“Young man, come here please. Come on, fella, come up on stage.” And it dawned on me that he was talking about me and that’s when my heart sank and I was completely terrified. It was like a flight-or-fight kind of moment. I was either going to just pretend I didn’t hear him or run out of the place or just say “no” or something or I was going to go up there. It might have been the first time I was in that kind of situation where I really didn’t, not that I didn’t want to do it, if I didn’t do it I would have felt bad, I would have felt like I chickened out.

So at this moment, I was like “OK, well, this is why I moved to New York, this is what I’ve been here for, to be here to have these kinds of experiences, so let’s go.” I could barely speak, I was just shaking, just dripping with sweat. The keyboard player that was with the band had to awkwardly get up out of his area by his keyboards and he seemed kind of pissed and I was really embarrassed and I said “I’m sorry” and I sit down, and Bill Gates says, “So what do you want to play for us? It’s your audition.” I say “Well, I didn’t really imagine it was going to be like this,” and he’s like “Come on, kid, the audience here is starting to get restless.”

I had no idea we were supposed to have this memorized repertoire of every popular song that’s ever been written, and memorize every key that it can be played in, and transpose and all that. For some stupid reason, out of all the things I could have said to play that I would have actually known or maybe could have played through…. how I heard that song “Rocket Man” by Elton John, which is not an easy song, its a complex chord-changer… for some reason, I don’t know exactly why but I don’t know how to play this song all the way. Even now, I would struggle you know, trying to figure that song out off the top of my head.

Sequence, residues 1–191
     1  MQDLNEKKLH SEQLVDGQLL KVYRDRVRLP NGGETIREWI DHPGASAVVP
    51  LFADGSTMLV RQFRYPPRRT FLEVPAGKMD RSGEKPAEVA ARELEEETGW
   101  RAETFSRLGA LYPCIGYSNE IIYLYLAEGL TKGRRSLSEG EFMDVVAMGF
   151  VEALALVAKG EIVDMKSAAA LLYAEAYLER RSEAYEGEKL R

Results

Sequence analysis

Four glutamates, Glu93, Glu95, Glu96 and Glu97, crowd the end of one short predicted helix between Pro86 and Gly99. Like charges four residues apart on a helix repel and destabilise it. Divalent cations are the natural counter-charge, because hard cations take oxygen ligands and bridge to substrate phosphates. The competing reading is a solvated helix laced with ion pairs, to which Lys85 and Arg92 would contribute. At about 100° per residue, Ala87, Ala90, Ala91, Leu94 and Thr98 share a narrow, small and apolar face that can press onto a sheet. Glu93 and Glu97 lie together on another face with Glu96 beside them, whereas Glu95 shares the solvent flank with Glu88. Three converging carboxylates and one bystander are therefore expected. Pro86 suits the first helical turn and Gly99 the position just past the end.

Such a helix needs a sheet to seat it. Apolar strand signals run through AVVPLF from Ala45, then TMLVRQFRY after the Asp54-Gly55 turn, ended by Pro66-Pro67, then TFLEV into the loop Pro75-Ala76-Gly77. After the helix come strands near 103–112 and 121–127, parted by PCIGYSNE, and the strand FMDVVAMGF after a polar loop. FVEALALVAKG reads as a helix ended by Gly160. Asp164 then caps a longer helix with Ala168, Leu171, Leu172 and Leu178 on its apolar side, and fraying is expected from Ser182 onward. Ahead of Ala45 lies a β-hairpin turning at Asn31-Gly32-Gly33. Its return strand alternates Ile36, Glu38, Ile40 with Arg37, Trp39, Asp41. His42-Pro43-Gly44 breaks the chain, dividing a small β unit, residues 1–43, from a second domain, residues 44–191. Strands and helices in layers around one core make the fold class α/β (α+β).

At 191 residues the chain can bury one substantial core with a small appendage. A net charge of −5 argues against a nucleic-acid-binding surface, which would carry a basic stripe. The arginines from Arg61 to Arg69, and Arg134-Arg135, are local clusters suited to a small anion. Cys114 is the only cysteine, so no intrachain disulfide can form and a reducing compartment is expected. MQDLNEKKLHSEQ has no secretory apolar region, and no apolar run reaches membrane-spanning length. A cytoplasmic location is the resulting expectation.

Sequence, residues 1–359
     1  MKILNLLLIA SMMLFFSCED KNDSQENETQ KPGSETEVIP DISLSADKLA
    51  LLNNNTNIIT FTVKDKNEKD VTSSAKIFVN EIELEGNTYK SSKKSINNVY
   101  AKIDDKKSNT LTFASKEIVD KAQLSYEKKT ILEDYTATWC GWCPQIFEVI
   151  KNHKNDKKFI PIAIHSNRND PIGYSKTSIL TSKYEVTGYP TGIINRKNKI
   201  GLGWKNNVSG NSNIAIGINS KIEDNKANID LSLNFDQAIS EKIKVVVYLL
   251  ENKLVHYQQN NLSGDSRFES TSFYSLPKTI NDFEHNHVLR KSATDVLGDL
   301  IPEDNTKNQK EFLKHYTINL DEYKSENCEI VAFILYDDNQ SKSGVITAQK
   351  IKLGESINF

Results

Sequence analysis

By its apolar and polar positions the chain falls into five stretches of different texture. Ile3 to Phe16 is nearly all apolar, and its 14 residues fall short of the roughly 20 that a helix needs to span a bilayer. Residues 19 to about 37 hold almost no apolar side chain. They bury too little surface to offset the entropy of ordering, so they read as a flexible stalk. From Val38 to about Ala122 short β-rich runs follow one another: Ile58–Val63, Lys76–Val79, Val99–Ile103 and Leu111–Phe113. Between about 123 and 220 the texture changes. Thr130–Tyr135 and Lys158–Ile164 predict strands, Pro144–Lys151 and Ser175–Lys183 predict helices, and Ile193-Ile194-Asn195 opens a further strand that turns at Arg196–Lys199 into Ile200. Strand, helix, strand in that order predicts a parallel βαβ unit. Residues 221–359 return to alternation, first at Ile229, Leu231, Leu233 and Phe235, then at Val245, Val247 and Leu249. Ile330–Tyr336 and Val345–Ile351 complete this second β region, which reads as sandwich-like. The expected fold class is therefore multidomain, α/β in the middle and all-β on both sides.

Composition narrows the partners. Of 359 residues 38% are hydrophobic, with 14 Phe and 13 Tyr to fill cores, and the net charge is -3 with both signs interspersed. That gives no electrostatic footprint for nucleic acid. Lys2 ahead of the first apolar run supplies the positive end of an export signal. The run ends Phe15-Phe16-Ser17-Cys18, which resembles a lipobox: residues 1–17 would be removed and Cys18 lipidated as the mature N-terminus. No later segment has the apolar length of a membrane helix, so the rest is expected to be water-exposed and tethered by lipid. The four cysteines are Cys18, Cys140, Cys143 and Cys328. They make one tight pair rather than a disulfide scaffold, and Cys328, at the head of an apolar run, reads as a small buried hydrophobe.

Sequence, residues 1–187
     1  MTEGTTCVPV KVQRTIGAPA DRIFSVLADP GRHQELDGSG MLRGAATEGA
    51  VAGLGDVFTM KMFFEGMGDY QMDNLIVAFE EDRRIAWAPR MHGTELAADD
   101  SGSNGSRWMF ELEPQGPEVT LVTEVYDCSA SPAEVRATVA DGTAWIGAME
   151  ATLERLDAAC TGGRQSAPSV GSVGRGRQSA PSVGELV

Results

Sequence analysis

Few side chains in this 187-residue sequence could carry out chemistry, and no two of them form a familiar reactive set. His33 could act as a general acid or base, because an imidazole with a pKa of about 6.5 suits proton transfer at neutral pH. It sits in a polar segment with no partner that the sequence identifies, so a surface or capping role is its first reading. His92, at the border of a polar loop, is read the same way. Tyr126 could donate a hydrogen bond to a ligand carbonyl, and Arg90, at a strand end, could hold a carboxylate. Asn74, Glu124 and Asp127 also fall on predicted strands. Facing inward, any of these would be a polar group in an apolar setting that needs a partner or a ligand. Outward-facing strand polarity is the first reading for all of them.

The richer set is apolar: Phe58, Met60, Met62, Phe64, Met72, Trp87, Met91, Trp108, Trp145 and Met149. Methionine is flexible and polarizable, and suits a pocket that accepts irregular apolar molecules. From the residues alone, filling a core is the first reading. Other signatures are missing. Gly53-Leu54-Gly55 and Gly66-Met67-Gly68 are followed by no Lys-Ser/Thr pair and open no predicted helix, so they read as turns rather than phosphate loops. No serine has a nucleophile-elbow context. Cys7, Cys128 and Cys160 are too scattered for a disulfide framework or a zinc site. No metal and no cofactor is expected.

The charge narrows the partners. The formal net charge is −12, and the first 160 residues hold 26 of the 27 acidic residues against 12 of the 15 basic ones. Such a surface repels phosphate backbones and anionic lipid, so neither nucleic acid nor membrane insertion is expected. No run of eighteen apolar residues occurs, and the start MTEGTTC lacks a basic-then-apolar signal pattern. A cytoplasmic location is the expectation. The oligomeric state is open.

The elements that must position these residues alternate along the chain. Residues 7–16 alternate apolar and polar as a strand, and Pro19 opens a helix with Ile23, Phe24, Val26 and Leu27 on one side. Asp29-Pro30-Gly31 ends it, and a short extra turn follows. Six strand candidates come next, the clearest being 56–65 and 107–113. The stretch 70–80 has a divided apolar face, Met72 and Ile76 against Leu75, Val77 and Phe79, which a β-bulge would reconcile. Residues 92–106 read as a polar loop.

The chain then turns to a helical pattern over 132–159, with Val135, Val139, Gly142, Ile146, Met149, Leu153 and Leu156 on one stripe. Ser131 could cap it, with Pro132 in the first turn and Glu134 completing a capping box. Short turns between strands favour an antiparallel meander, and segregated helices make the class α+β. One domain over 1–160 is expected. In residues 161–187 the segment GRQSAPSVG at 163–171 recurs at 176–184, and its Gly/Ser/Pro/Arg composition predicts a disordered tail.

“Okay, “Rocket Man,” here we go,” I said. “Woah w-w-woah, what key is it in?” I don’t know what key the song is in, and you’re supposed to know that. So he has to apologize to the audience, and the audience is booing. I’m ruining the whole show. I play a hap-hazard version of “Rocket Man” and at this point tears are welling up in my eyes. It’s an out-of-body experience almost. I wasn’t really playing it correctly on the keyboard and some of the guys in the band were being brotherly and trying to help me out and that was almost kind of even worse, sort of emasculating and embarrassing and when it got to the ”It’s going to be a long long time” part he’s says, “I think it’s going to be a long long time before you ever play at Cafe Wha? Get the fuck off the stage.” I was actually kind of relieved at that point. And then, the crowd actually kind of turned on him. There’s this poor kid having a meltdown. They had empathy for me and they kind of cheered me on. When we finished the song he actually kind of had to apologize to me. I made a joke about him looking like Bill Gates, the crowd really loved that. And then I sat in the audience and got off stage and sat there for the least amount of time that I thought I could stay without it looking awkward, and then I just ran out, which I think was about 3 minutes, that I ran out. I remember walking out in one place into the street like the feeling of the air on my face which was so red and so hot.

Brightest Young Things: I’m assuming this is what, like ’97, ’98?

Andrew WK: ’98, I bet.

I’ve never seen that guy again, but I walked by, and I told that story other times and I’m very thankful for it. Kind of going through that made me feel like if I could get through that and literally not die. I have moments where that’s happening, where you feel like you could just actually die, it’s so awful. I didn’t die and I learned some things from that, a lot of things, and I’m okay. I was able to move through the street and I was okay to feel that you can still live. It really didn’t really matter that much.

Brightest Young Things: That’s very inspiring.

Andrew WK: Well I’m glad you got something out of it, other than being just mortified. But it showed me that you can do things even really badly, and still be okay.

As told to Brandon Wetherbee. Edited for clarity.